Weisz is extraordinarily good in this film. Her Hypatia lights from within as her questions lead her to new and perplexing answers. She makes us see the burning for knowledge within her and Amenábar gives her a few set pieces where she can physically act out her theories which are not only elucidating for the audience but a creative way to make theoretical talk visual. The woman is also ahead of her time in treating all kindly and with equality, although the actress stops short of making her a saint (another character is ironically sainted at film's end). But its not just Weisz that makes this film work. The entire cast is terrific beginning with Oscar Isaac who takes Orestes from humiliated lover to the elder statesman who continues to love the same woman from a different place. Max Minghella gives the audience its POV into the Christian mind set and the young actor, like his former mistress, continues to question his believes and the words of Ammonius, which frequently go against the teachings of Christ. Sami Samir is deliciously unlikable as the holy man who uses his position to manipulate himself into power and Ashraf Barhom is his streetwise counterpart. Lonsdale carries himself with a sad dignity.
Purists may find that Amenábar has taken too many liberties with history, but many of the events he depicts are possibilities in an unclear history. The character of Davus is a device he uses wisely and if Amenábar chooses to romanticize Hypatia's horrific death, it's a choice befitting his themes and the incredible grace endowed by Weisz. "Agora" is a thought provoking film featuring one of the best acting ensembles of the year. The production is so striking, you'll believe you've actually seen one of the Seven Wonders of the Ancient World.
“Agora’ is an elegantly done compilation of myth and fact to show the sacking of the great library of Alexandria, Egypt where one thousand years of knowledge was destroyed by Christians in the 5th Century. Rachel Weisz stars as scholar and philosopher Hypatia, whose intellect is only outdone by her beauty. She is the equal of any of the male rulers of pagan Roman Alexandria and teacher to their sons. However, her greatest obsession is the universe and how it works.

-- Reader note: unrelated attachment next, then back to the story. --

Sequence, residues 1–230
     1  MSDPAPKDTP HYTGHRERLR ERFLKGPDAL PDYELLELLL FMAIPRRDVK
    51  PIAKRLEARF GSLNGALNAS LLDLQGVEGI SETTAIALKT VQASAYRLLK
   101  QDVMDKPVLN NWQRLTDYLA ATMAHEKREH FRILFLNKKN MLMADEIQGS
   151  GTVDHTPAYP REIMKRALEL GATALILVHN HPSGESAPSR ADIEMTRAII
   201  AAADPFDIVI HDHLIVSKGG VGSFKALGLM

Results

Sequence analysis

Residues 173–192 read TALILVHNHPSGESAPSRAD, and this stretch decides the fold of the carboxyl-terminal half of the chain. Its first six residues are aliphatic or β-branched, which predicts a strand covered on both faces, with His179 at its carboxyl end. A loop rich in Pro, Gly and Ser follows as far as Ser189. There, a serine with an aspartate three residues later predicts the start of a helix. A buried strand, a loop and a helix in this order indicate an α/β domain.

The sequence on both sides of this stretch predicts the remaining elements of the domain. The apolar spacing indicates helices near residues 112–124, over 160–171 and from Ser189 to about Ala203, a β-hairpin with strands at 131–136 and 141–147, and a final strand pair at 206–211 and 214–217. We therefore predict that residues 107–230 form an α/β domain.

This may sound kind of boring, but director and co-writer Alejandro Amenabar (with Mateo Gil) brings in other historical events, including the rise of the Christians to overthrow their pagan rulers, the burning of the library of Alexander and the persecution of Jews. “Agora” is a lavishly wrought historical drama that combines events spanning decades to give us a concentrated, coherent story set in the year 411.
Rachel Weisz, in a star confirming performance, is joined by Max Minghella as Davus, a slave who is attracted to the freedom offered by Christianity but is in love with his mistress, Hypatia. Davus’s inner turmoil, though, takes a back seat to the outer turmoil erupting in the city. Alexandria’s Roman leaders face the increasing ire of the Christians (who are particularly un-Christian). Under the command of their power-hungry, blood thirsty bishop, Cyril (menacingly played by Sami Samir), the fanatical mob uses siege, bloody violence and murder to force their will and anyone in their way is slaughtered.
All of the violence and mayhem is leavened with the Hypatia’s personal relationships. She adores her father, Theon (Michael Lonsdale), has a platonic friendship with Orestes (Oscar Isaac) who remains devoted to her even as he rises higher and higher in the Roman aristocracy and, then, there is Davus. And, Hypatia’s thirst for knowledge and the secrets of the universe are pervasive through the story, taking a very feminist stand. Amenabar brings these elements – historical and personal – into fine relief. The production design and CGI are seamlessly joined and Amenabar uses some out of context, but fascinating, devices – a satellite view of the Earth centered on Alexandria (the perspective of God or gods?) and a single, quirky camera shot (you will know it when you see it.). Production values are top notch throughout.
On a negative note: A film about a pagan woman philosopher in Egypt trying to solve the mysteries of the solar system is going to be a tough sell. I’m not sure what audience the filmmakers are aiming at with its strong femme tale, historical drama and religious actioner. This could be a problem. However, if you love films you should see this one. I give it an A-.